While activists welcome this reform, many are skeptical about the extent and scope of the change. Since Chinese authorities have remained mostly silent on the details of the reform, one can only second-guess at this point what types of changes are likely to be forthcoming. One possibility is that the system will be abolished altogether, which is the option that the Guangdong authorities advocate. Yan Zhichan, director of Guangdong Provincial Department of Justice, said that Guangdong has made preparation work to be the “leading” and “exploratory” region to stop the system and stated that if the system is abolished, those currently detained will be released after the expiration of their sentence. Other provinces may follow the Guangdong model. Nevertheless, it is the central government rather than the provincial officials who makes the ultimate decision, so it remains to be seen whether the central authorities will adopt Guandong’s proposal. On the other hand, some have advocated to keep the existing RTL system but with certain adjustments, such as passing separate legislation on RTL, authorizing courts to review RTL, and shortening terms of RTL to two years or less. Another option, iterated by Veron Mei-Ying Huang, is to incorporate RTL into the existing criminal law system so that offenders will at least have access to procedural protections under Chinese criminal law, but more often than not these procedural mechanisms are subject to official arbitrariness. Whatever reform is eventually adopted, one looming worry is that the reform will wind up being a “less extensive system of administrative detention” that does not advance the rule of law and human rights in China. Accordingly, even if RTL is abolished or replaced by a system of less severe detention, if the police are still given the discretion to imprison offenders without notice or trial, then these reforms may end up leading to RTL 2.0. How the Chinese government will approach this reform remains to be seen, but as of now, it has taken at least a first step in the right direction to ending this practice.

The Record: This Week in Review

Human Rights Watch Finds Israeli Airstrikes in Gaza Violated the Laws of War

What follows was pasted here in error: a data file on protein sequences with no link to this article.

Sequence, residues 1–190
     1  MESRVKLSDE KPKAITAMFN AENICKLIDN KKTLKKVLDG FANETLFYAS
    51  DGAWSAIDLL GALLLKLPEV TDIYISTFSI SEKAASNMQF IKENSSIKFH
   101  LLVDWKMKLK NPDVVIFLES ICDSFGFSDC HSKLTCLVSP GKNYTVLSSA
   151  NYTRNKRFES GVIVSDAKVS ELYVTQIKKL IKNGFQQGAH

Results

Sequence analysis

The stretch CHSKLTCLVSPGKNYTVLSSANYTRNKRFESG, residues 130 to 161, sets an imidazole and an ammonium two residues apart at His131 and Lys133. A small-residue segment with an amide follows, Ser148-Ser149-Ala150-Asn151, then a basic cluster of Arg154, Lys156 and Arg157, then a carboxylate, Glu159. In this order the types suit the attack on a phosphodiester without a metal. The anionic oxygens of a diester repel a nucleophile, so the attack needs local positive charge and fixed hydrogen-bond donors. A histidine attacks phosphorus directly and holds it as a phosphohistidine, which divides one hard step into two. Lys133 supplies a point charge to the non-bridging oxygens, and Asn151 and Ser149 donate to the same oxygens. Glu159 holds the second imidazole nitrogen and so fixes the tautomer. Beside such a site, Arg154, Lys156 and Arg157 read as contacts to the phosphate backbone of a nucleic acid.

Human Rights Watch has sent detailed information to the IDF about numerous airstrikes in Gaza that may have violated the Laws of War.  The airstrikes, at least 18 of them, were carried out during fighting in November 2012 and were the result of Human Rights investigations.  The IDF has said that it is conducting “operational debriefings” of the attacks and will have completed its investigation sometime in February.

UN Security Council Set to Approve Sending Peacekeepers to Mali

Although the Malian government has expressed concerns about the presence of UN peacekeepers in the country (it fears the strengthening of a split between northern and southern Mali) it looks as though the UN Security Council will be approving the deployment of about 6,000 peacekeepers in the coming weeks.  The move comes after French troops have already secured much of the country from Islamist rebels.  Some issues that still remain to be worked out is how this UN peacekeeping force will interact with the UN backed African military force (AFISMA) which is currently fighting alongside French troops.

ICC Orders Extradition of Libyan Spy Chief

 Abdullah al-Senussi, Gadaffi’s ex spy chief, has requested that he be tried by the International Court of Court in the Hague.  He has been denied access to his British lawyer and the ICC, along with other human rights organizations, have expressed concern about his ability to receive a fair trial in the new Libya, which suffers from a weak central government and lack of rule of law.  Libyan leaders however have a vested interest in trying Gadaffi’s family members and supporters in country in order to gain credibility among their own population.